Monday, September 21, 2009


Nalda and I have both noticed the insect galls on the small Eucalyptus trees that occurr patchily around us. She says the grub that lives inside them is collected for bush tucker. Underneath some trees there are numbers of scattered opened galls.The insides are smooth voids unlike the rough textured exteriors. They are beautiful objects and we gather some to take back to camp. Wind pruned leaves are going in the dyepot, the galls are very numerous on the branches and we strip them off and lay them on the ground for further exploration.

Corymbia opaca, Muur-muur, Tjuta.
Galls on C. opaca. Miipurr.

Early next morning Lizzy and Nora come visiting. They are looking after two energetic small children and need cups of tea. They have a look at our dyeing efforts and Lizzy points to the galls - don't throw them away, they have colour in them - and so they do, copious amounts of rich chestnut brown. Later, back at the roadhouse base camp I find Miipurr in Nalda's big Western Desert languages dictionary and they are the galls on Eucalyptus opaca which has recently been renamed as a bloodwood - Corymbia opaca. They are also known as bloodwood apples and the grub/edible part is called nguku nguku or yangyura. Things that are useful are given lots of names.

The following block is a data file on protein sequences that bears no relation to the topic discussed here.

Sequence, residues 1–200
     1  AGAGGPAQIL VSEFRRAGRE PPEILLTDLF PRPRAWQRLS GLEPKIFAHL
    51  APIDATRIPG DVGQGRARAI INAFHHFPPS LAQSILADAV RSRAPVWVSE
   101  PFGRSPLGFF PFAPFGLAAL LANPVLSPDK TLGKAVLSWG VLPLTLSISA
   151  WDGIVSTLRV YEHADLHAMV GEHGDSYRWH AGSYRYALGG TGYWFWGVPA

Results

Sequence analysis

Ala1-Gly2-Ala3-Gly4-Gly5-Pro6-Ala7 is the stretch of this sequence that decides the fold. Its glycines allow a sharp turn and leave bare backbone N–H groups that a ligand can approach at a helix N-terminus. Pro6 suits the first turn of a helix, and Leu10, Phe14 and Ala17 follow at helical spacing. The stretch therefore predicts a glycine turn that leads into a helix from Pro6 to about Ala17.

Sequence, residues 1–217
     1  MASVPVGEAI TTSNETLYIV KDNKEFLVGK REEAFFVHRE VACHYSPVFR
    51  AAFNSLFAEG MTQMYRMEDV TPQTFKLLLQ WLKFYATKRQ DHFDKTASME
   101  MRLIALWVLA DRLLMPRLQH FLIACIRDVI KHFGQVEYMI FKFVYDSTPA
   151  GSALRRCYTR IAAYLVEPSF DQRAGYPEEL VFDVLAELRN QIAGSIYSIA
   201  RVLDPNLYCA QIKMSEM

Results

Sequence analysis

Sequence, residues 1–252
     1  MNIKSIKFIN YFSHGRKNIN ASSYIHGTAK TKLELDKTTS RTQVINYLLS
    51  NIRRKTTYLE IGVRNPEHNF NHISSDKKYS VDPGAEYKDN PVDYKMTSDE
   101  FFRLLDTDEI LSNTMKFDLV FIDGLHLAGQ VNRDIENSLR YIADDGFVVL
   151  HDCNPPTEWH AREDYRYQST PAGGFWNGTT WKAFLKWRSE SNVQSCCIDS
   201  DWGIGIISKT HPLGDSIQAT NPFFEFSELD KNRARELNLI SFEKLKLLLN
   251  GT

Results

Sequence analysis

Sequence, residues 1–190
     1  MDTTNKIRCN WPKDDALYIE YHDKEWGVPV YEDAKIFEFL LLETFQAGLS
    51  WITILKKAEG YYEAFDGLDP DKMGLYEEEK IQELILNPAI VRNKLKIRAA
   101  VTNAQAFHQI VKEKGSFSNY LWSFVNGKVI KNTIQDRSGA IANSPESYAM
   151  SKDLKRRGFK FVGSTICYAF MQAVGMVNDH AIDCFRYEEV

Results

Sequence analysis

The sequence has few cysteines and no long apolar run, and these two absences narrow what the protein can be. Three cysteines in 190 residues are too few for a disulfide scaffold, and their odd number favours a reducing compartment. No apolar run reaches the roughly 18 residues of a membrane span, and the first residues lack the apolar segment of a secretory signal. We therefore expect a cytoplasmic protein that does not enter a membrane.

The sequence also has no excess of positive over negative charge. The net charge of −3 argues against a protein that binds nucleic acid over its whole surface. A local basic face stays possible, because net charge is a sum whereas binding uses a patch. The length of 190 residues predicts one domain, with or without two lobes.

Miipurr in the dye pot.

As a dye it is quite fugitive though - washing away on wool to a pale fawn. I think perhaps there is a lot of tannin in there which is good to know too as its useful for mordanting cellulose fibres. More tests with some mordants are needed. The colour is spectacularly rich and beautiful though as a pigment on rag paper - which we discover when we use it for our big drawing the next day.

1 comment:

  1. i find that colour from galls and also from bark [especially those species encrusted with kino] is best used for drawing and painting on paper...